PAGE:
According to him, we tend to think about extinction as loss of a species from the face of Earth but there is a loss of critical ecosystem functioning in which animals play a central role that we need to pay attention to as well."
Washington, July 25 - The danger is lurking near us. Scientists now warn that the persistent loss and decline of our biodiversity is leading the humanity to early days of the planet's sixth mass biological extinction event.
Since the year 1500, more than 320 terrestrial vertebrates have become extinct. Populations of the remaining species show a 25 percent average decline in abundance.
The situation is similarly dire for invertebrate animal life.
While previous extinctions have been driven by natural planetary transformations or catastrophic asteroid strikes, the current die-off can be associated to human activity, leading to an era of 'Anthropocene defaunation', explained lead researcher Rodolfo Dirzo, a professor of biology at Stanford University.
Across vertebrates, 16 to 33 percent of all species are estimated to be globally threatened or endangered.
Large animals - described as megafauna and including elephants, rhinoceroses, polar bears and countless other species worldwide - face the highest rate of decline, a trend that matches previous extinction events, the study noted.
Consequently, the number of rodents doubles - and so does the abundance of the disease-carrying ectoparasites that they harbour.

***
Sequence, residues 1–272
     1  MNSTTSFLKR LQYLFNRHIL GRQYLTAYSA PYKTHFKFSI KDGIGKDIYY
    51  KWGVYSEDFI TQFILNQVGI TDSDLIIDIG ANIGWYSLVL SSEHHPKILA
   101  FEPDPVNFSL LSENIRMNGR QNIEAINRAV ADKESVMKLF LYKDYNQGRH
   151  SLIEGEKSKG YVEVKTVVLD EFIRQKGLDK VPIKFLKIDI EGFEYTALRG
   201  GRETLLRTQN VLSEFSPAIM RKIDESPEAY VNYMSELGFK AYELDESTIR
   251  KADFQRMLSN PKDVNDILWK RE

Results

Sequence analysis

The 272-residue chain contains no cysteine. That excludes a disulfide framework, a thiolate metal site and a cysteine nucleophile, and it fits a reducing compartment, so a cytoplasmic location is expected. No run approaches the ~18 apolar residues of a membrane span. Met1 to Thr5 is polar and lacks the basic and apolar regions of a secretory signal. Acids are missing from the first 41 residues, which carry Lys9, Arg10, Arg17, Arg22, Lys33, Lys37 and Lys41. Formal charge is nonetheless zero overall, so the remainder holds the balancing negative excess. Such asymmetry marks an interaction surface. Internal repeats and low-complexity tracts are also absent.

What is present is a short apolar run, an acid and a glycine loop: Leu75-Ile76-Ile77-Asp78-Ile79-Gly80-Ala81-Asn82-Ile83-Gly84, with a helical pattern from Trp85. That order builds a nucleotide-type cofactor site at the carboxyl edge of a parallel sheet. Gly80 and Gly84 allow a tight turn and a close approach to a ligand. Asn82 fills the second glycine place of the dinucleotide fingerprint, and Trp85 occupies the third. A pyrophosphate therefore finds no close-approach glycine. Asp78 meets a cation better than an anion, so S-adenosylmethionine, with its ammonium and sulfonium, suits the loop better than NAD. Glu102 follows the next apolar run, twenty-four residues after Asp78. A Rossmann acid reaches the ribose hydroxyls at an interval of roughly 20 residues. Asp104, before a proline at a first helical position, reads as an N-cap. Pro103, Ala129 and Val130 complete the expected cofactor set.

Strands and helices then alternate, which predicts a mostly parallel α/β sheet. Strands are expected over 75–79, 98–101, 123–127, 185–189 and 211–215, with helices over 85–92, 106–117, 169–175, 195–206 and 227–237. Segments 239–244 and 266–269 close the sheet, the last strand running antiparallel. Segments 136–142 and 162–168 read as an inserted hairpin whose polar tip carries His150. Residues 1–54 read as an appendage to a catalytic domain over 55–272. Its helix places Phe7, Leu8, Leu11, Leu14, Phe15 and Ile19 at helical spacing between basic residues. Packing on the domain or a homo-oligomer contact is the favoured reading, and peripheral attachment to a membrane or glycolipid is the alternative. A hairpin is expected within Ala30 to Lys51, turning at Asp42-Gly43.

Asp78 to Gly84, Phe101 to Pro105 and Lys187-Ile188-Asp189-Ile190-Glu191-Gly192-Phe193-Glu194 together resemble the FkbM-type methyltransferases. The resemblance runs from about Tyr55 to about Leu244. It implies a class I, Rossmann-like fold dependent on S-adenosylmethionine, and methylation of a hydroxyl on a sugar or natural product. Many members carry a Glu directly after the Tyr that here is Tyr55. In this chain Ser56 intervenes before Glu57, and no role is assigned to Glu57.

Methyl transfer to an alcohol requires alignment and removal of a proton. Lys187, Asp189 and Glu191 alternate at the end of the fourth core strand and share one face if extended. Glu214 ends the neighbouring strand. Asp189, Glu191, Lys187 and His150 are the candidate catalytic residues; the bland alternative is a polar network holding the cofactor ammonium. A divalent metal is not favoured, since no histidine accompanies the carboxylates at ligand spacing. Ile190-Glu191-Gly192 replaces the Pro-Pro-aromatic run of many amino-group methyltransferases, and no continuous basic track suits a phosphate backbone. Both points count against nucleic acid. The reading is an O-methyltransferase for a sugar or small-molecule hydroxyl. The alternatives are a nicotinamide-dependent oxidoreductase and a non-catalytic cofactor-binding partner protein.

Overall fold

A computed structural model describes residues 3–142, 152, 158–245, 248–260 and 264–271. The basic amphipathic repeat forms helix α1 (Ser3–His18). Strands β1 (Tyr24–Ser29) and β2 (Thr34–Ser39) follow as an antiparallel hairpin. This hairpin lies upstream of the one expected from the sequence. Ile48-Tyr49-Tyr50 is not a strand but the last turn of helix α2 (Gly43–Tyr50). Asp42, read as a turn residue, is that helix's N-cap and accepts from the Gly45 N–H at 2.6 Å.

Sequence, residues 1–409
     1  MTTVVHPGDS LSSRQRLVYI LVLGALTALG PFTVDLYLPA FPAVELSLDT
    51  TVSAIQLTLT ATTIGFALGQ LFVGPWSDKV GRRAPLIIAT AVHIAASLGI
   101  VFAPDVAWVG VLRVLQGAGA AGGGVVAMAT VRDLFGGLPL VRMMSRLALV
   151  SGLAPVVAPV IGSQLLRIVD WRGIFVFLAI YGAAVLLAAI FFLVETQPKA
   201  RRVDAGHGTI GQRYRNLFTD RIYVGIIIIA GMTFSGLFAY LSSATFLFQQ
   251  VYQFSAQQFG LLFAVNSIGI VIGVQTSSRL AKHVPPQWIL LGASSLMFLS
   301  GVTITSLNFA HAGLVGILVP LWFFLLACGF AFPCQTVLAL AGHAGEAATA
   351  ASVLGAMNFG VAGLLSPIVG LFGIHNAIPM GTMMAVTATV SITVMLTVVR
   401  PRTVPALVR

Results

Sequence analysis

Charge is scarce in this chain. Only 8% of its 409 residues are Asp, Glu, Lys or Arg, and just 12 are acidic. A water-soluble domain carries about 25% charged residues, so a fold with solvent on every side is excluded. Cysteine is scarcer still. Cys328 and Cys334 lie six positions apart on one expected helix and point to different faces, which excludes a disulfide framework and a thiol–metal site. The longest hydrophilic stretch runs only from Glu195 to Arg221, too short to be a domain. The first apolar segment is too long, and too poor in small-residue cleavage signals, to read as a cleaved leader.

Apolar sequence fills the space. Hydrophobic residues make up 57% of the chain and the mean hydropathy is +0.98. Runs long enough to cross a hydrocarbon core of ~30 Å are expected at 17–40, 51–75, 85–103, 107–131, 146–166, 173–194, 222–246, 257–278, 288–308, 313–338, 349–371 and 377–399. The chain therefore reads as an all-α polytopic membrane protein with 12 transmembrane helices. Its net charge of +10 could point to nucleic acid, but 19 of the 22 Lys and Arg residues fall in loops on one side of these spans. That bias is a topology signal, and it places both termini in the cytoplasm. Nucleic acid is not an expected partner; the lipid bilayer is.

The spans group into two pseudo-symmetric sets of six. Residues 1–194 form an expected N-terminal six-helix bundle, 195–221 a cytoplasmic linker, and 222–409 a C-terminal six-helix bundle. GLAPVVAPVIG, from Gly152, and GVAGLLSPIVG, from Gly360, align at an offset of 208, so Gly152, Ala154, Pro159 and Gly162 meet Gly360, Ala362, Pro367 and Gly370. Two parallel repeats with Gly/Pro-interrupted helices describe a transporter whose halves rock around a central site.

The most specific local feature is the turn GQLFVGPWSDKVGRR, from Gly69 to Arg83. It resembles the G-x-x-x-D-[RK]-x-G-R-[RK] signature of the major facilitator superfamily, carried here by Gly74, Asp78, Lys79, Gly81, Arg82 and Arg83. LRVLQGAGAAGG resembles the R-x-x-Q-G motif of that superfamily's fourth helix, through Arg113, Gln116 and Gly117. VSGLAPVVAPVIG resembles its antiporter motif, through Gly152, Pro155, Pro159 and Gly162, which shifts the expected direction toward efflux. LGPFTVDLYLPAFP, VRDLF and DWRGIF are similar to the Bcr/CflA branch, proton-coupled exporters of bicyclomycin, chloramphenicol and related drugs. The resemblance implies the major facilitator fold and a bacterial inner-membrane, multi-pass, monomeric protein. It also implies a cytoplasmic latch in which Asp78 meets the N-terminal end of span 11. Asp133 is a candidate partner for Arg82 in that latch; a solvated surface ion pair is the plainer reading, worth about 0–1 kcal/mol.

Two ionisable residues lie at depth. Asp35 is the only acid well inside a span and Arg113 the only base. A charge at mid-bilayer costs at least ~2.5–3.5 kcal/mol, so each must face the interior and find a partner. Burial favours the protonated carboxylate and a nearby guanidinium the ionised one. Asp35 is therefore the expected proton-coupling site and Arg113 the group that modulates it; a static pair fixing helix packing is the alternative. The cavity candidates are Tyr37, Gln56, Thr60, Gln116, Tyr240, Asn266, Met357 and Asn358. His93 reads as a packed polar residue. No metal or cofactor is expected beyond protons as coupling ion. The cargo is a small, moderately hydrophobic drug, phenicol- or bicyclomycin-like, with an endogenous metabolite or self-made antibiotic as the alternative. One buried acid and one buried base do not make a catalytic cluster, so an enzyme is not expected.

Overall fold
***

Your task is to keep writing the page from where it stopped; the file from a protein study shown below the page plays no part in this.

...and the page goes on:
Where human density is high, you get high rates of defaunation, high incidence of rodents and thus high levels of pathogens, which increases the risks of disease transmission, Dirzo added.
The scientists also detailed a troubling trend in invertebrate defaunation. Human population has doubled in the past 35 years; in the same period, the number of invertebrate animals - such as beetles, butterflies, spiders and worms - has decreased by 45 percent.
As with larger animals, the loss is driven primarily by loss of habitat and global climate disruption, and could have trickle-up effects in our everyday lives.
Immediately reducing rates of habitat change and overexploitation would help but these approaches need to be tailored to individual regions and situations, Dirzo suggested.
According to him, we tend to think about extinction as loss of a species from the face of Earth but there is a loss of critical ecosystem functioning in which animals play a central role that we need to pay attention to as well.
The review was published in the journal Science.